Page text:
People are the key to children’s early development. Children can learn by individual exploration or observation, but there’s no substitute for human interaction! Babies learn best during face-to-face interactions.
For example, researchers found that interaction style affects how 9-month-olds learn sounds from foreign languages. Babies learned foreign sounds from a live interaction. But they did not learn the sounds from watching a video. Are you surprised by these results? Why do you think children learned from a live interaction but not through video?
One possibility is that face-to-face interactions allow turn taking. Adults can respond in real time to what the child is doing or saying. They might look where a child is looking, or label a new object. But when a child watches a video, the person on the screen cannot react to the child’s behavior or provide the same social cues that a live person can.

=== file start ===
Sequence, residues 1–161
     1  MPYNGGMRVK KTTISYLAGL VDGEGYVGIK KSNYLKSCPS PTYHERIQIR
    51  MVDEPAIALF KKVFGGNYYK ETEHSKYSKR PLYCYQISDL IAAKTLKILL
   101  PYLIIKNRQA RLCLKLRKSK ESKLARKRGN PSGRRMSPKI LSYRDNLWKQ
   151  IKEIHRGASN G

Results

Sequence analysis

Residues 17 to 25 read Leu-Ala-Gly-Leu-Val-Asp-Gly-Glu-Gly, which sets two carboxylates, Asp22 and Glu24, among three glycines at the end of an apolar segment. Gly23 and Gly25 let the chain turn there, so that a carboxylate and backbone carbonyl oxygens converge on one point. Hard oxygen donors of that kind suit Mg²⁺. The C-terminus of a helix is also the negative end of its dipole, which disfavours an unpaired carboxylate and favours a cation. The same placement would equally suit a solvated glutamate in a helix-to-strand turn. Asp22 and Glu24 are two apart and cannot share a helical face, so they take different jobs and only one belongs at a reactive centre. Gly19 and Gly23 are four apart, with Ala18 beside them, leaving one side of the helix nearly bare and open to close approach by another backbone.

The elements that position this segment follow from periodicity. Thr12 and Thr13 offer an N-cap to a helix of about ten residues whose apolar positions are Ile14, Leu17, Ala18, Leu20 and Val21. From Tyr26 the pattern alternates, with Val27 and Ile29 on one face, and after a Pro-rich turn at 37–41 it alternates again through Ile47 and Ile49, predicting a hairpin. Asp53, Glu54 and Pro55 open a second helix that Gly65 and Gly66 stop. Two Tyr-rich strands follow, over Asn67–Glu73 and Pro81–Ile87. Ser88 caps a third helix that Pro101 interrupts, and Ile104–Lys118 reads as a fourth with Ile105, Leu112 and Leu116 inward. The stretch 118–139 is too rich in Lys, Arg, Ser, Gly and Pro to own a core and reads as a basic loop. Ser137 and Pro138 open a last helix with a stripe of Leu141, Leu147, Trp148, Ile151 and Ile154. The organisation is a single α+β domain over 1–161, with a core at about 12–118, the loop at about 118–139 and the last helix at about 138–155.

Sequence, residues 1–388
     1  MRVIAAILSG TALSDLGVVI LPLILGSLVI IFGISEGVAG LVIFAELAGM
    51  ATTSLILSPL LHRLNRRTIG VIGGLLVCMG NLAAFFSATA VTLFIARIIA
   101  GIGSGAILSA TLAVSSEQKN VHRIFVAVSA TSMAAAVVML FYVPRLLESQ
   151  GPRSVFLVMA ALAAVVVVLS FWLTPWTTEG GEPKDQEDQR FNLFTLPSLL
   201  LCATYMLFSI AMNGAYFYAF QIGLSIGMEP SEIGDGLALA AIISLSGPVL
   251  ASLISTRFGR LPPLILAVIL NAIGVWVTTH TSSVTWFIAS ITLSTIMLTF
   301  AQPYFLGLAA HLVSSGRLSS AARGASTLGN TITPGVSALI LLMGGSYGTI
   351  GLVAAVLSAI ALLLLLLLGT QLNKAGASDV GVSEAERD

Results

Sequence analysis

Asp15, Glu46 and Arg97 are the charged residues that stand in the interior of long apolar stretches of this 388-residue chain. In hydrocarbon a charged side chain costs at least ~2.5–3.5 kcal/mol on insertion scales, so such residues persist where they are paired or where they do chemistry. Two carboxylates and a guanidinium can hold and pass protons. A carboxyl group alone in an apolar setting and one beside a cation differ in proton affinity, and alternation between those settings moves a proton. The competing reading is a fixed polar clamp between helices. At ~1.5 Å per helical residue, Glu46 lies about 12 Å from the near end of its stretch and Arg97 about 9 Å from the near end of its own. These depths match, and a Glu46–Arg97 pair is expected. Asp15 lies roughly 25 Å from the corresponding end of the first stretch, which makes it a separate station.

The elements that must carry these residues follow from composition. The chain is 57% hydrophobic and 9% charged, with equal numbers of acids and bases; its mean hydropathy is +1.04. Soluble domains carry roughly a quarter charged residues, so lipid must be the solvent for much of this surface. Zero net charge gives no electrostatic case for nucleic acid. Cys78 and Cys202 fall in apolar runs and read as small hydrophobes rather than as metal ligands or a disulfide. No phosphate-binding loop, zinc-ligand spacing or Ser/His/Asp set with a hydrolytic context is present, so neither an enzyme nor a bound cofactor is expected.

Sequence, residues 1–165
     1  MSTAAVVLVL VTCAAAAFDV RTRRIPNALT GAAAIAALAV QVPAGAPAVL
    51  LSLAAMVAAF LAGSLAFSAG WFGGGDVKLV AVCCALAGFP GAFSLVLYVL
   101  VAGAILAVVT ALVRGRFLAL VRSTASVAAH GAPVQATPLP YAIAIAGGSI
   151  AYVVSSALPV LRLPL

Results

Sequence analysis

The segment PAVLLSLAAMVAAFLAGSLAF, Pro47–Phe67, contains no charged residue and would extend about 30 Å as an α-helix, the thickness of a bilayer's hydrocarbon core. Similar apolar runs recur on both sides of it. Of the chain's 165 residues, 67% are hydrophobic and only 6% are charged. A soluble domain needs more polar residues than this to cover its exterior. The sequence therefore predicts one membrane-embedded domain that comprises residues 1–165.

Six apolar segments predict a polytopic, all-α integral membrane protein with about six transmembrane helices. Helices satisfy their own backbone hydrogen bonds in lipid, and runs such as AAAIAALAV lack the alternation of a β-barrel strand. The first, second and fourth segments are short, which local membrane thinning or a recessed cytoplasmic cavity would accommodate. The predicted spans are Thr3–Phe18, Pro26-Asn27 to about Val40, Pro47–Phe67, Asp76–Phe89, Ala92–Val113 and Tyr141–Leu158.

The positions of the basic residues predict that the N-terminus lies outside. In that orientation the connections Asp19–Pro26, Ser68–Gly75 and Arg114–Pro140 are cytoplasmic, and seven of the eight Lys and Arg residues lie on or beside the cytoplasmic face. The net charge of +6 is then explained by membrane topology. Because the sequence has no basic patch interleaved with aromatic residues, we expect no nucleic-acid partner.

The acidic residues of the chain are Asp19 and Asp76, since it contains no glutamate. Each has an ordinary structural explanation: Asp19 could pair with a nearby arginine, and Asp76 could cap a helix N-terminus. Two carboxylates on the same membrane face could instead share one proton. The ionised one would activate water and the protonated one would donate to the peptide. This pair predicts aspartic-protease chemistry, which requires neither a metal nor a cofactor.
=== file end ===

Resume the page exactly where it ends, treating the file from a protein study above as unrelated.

- Back-and-forth or contingent interactions
- exchanges in which a caregiver times her responses to a child’s behavior
- observing then reproducing, or copying, a behavior
- Infant-directed speech
- a special tone and style of speech used to talk to young children. It’s also called parentese.
- the support a caregiver provides a child to help her achieve more than she would be able to accomplish on her own